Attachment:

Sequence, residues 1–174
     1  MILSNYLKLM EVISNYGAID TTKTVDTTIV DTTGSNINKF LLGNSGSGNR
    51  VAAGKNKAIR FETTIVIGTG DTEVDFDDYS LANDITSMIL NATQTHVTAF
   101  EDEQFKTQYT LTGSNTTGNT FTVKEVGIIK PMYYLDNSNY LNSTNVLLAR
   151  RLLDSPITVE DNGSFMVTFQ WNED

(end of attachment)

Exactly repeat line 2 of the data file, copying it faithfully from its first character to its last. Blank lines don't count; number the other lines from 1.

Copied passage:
     1  MILSNYLKLM EVISNYGAID TTKTVDTTIV DTTGSNINKF LLGNSGSGNR